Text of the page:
Monday, March 23, 2015

The Evil Hours, by David J. Morris

So...the big question is...having worked in VA hospitals...would I recommend that a combat veteran friend of mine go seek treatment there for PTSD?

Pacific Standard

"Morris served in the Marine Corps in the halcyon 1990s, so he experienced most of his trauma not in uniform but as a reporter in Iraq. When he was embedded during the 2007 surge in Baghdad, an IED buried in a trashpile rocked Morris’ Humvee. For several harrowing minutes, a wheel of the burning vehicle was stuck in the blast crater, and Morris was trapped.
That terrifying ordeal, followed by the turmoil precipitated by his trip to the cinema, led him to the San Diego VA for treatment. There, the young clinicians were caring but didn’t much help. Morris underwent a VA-approved treatment called prolonged exposure, which entails exposing patients to their most feared experience repeatedly over several months, until the situation no longer invokes panic. Morris found PE too anxiety provoking, and quit. (In the largest study of PE in veterans, a modest 55 percent had good outcomes.)
He also underwent cognitive processing therapy, a form of group therapy aimed at clearing up distortions in thinking (i.e., the world is a dangerous place; the war made me unlovable; I need alcohol to cope). Morris found it somewhat helpful but still incomplete, and too focused on the symptoms. A fuller reckoning with trauma, he found, required treating it as more than just a series of near-death nightmares, and instead as the transformative experience it really is. “Never was I invited to think of how my experiences might be converted into a kind of wisdom or moral insight. When I did so, on my own initiative, I was admonished for ‘intellectualizing.’” Many soldiers find war, Morris writes, “to be sublime, and more than a few of them ... were suddenly consumed by a need for answers to life’s greatest questions.”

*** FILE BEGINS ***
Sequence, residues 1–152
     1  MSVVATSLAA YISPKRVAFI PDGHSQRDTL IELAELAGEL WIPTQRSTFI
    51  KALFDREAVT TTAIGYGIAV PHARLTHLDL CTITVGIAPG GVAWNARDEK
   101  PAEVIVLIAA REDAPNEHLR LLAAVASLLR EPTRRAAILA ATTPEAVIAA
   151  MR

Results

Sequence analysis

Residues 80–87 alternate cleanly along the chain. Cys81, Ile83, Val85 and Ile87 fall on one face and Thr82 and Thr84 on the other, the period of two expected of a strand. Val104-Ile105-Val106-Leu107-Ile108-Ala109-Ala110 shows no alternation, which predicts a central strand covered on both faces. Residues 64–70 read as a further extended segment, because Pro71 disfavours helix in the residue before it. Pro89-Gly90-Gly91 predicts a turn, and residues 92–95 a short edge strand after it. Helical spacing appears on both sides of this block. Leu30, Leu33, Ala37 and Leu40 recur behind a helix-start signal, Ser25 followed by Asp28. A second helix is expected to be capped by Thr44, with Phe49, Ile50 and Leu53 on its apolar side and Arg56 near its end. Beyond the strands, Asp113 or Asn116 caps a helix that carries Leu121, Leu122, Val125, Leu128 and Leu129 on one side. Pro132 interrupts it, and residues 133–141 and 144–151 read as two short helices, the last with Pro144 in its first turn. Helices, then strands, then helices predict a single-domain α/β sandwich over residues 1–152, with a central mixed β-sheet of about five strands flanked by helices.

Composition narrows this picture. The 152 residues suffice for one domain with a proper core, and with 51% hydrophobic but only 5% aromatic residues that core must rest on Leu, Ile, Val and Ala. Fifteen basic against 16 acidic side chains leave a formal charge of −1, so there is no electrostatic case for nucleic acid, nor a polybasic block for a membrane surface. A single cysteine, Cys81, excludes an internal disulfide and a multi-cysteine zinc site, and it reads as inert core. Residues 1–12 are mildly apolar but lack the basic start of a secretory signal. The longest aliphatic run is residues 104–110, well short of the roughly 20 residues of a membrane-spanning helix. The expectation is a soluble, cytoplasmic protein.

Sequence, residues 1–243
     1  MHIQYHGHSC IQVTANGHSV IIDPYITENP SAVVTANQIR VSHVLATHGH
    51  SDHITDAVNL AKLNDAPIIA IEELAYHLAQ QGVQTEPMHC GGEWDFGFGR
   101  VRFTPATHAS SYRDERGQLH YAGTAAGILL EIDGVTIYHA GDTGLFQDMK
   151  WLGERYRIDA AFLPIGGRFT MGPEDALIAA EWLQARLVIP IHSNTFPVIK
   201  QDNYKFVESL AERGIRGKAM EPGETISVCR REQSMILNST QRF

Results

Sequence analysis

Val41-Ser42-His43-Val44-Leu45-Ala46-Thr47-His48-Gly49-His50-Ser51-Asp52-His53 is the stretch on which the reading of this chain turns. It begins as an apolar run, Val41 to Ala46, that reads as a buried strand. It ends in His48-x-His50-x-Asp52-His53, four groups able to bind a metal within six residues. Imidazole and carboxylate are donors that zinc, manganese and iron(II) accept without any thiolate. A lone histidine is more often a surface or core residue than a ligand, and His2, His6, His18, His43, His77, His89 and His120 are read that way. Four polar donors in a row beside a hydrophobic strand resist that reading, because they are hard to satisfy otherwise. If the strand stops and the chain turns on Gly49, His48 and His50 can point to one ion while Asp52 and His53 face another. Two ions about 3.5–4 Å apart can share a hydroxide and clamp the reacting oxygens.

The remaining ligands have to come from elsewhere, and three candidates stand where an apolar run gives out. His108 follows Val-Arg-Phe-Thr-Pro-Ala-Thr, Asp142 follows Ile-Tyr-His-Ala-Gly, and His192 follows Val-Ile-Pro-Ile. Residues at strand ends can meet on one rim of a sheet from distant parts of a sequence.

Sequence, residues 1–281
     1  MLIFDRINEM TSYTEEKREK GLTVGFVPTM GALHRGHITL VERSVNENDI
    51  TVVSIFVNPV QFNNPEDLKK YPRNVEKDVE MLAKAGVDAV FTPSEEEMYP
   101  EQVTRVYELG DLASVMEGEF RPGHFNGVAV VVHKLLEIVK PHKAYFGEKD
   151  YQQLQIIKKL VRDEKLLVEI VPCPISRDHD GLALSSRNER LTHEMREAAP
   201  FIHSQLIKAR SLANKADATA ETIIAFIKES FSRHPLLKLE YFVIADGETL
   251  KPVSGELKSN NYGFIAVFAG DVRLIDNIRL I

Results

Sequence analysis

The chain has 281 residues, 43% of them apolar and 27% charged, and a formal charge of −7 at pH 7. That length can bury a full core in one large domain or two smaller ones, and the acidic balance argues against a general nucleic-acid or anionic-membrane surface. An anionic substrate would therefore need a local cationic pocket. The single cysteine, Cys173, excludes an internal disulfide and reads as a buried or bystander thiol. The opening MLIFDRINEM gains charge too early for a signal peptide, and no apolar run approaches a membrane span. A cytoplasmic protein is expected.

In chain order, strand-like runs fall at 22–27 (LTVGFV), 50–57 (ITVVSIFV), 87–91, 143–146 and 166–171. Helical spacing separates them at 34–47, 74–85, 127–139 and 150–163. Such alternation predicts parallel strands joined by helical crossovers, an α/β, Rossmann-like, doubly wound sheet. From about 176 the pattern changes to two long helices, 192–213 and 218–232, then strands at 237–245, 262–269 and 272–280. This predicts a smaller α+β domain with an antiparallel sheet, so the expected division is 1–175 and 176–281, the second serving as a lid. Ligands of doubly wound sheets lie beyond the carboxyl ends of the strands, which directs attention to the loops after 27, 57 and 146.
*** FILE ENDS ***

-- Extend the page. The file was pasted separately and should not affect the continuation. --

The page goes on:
Fortunately, VA clinicians are increasingly attuned to the existential dimensions of veterans’ needs. However, there are too few seasoned clinicians to go around, and newer mental health professionals—like the ones Morris saw—are assigned to conduct one-size-fits-all, protocol-driven treatments. There is a place for these treatments, but not at the expense of encouraging suffering veterans to see returning from war as a major existential project, a struggle to “make meaning out of chaos.” By “making meaning,” Morris means telling stories, a process with “tremendous healing power” for both the teller and the listener."

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